A “mosaic chart” of Middle Eastern relationships
THE rise of Islamic State has upended geopolitics in the Middle East and drawn America’s military back to the region. Though IS is popular among militants, the group has no allies on the political stage, making it even more isolated than the official al-Qaeda affiliate, Jabhat al-Nusra. Our “relationship mosaic” above visualises the rapports among countries, political groups and militant organisations in the Middle East. It provides a quick glimpse of who is friends with whom (albeit a simplified depiction of relationships; the “neutral” category, for instance, embraces a large number of possibilities). The Syrian government is disliked by many countries but supported by Iran and Russia. The Iraqi Kurds count numerous friends and no sworn enemies among the entities listed. And the chart shows the degree to which America needs to play a delicate diplomatic game in holding together allies that may not always be friends with each other.
The New York Public Library is developing an eBook-borrowing system, which includes an app that helps you keep track of books, process, and such. One of the challenges is displaying the covers of available books when many of the works don’t actually have a cover, so NYPL Labs turned to generative covers that could be made on the fly. Mauricio Giraldo Arteaga, in charged of design, explains the process.
How we got to the Scottish referendum
HOW has it come to this? How is it that Scottish independence, once almost unthinkable, may now be just days away? An energetic campaign by the nationalists over the past months is one explanation. But the underlying causes go back much further. They lie in long-term shifts in the Scottish electoral landscape. For decades, the rise of Scottish nationalism was a bourgeois phenomenon—the product of the collapse of the Conservative vote in Scotland (see chart below). This happened in two phases.
First came the discovery of oil in the North Sea in the late 1960s, which gave the secessionist Scottish National Party (SNP) its electoral breakthrough in the two 1974 general elections under the slogan: “It’s Scotland’s oil”. This was almost entirely at the expense of the Tories (for years the stereotypical SNP voter was a dour oil executive). Then came the government of Margaret Thatcher, whose monetarist reforms accelerated the decline of Scotland’s heavy manufacturing base. The effect was similar to that in industrial bits of northern England: it made the…Continue reading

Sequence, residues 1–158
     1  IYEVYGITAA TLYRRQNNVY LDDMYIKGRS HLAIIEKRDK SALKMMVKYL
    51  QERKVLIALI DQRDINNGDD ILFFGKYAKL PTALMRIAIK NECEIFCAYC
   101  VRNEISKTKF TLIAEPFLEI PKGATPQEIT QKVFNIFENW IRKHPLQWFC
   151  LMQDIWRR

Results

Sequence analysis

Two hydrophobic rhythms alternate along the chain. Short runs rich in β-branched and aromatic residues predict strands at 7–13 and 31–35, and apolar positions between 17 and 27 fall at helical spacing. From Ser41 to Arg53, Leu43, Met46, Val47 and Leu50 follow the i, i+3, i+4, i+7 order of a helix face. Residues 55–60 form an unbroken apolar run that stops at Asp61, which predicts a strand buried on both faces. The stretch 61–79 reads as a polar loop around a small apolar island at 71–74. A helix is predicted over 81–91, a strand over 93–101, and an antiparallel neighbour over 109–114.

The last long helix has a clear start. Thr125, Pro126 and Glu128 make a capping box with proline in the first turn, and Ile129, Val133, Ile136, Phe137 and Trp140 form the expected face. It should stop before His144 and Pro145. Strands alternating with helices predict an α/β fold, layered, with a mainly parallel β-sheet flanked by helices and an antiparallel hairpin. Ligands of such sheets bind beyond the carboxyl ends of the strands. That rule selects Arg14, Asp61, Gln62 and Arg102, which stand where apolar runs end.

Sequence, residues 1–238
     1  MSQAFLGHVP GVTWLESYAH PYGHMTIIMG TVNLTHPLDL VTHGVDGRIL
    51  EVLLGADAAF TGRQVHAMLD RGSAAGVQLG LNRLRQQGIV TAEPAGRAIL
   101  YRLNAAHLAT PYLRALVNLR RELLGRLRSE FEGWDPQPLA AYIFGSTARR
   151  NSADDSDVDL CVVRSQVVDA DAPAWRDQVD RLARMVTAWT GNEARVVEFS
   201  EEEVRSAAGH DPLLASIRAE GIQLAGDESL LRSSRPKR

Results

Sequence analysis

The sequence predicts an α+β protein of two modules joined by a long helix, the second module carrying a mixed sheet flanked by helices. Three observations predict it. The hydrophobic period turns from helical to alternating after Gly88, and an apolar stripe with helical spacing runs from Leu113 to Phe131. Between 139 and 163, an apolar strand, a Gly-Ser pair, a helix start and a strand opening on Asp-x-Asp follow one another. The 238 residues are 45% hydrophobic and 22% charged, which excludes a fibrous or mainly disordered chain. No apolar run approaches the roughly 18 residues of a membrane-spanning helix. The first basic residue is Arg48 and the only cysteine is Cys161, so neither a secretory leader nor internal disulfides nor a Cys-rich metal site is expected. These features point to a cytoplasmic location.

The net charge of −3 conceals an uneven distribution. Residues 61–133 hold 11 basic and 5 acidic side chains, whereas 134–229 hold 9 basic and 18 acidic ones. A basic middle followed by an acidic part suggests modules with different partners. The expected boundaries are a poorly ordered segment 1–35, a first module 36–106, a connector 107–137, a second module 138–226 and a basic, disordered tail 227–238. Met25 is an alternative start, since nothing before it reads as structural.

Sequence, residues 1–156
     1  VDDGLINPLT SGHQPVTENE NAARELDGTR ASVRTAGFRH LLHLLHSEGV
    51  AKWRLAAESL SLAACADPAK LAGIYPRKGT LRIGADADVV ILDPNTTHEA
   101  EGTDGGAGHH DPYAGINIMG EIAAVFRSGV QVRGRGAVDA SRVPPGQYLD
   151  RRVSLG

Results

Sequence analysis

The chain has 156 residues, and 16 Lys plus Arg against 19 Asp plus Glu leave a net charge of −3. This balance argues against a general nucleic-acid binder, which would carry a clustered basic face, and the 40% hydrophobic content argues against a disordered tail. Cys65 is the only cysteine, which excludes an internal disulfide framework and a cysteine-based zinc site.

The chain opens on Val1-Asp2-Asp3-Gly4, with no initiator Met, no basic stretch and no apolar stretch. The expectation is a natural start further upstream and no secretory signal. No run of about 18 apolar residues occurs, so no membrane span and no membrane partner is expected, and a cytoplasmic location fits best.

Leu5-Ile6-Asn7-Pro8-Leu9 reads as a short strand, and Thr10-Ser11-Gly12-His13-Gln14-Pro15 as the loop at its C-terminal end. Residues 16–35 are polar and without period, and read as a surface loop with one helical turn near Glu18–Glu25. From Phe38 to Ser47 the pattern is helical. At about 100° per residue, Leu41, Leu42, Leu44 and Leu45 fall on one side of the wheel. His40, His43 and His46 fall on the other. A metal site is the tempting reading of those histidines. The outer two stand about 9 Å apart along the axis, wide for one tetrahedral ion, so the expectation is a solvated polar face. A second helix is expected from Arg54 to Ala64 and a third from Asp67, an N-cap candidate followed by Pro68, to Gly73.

Data journalist Anna Flagg for ProPublica reported on animal species at higher risk of extinction.
Animal species are going extinct anywhere from 100 to 1,000 times the rates that would be expected under natural conditions. According to Elizabeth Kolbert’s The Sixth Extinction and other recent studies, the increase results from a variety of human-caused effects including climate change, habitat destruction, and species displacement. Today’s extinction rates rival those during the mass extinction event that wiped out the dinosaurs 65 million years ago.
The data has an interesting organization. Think back to sixth-grade science and remember that animals are grouped in a hierarchy of order, family, genus, and species. This hierarchy is represented with horizontal bars on the bottom, vertical line pointers, vertical bars, and elements within each bar, respectively.
Once you get down to the genus level (vertical bars), the interactive gets kind of tough to use unless you search for a specific species. I want some filters or some breakout sections to highlight spots to look at. However, as a tool for those closer to the challenge, this seems like it could be quite useful.
AS WITH the Islamic State (IS), Nigeria’s Boko Haram, another jihadist militia, is fast evolving into a force capable of taking and holding large swathes of territory. In recent months it has rapidly stepped up the scale and ambition of its attacks. The Armed Conflict Location and Event Data Project (ACLED) has tracked its violence since 2009.
Boko Haram caught the world’s attention with its audacious kidnapping in April of nearly 300 girls from a secondary school in Chibok. Over 200 are still missing. The group has also claimed responsibility for devastating bombings in Abuja, the country’s capital, repeatedly striking far from its northeast stronghold in the state of Borno. More recently, the group has changed tack. In August, the group’s leader, Abubakar Shekau, declared a caliphate after capturing the town of Gwoza in Borno. On September 1st, its forces took control of Bama, the second-largest town in the state and have threatened the nearby state capital.
Grade inflation at Ivy League universities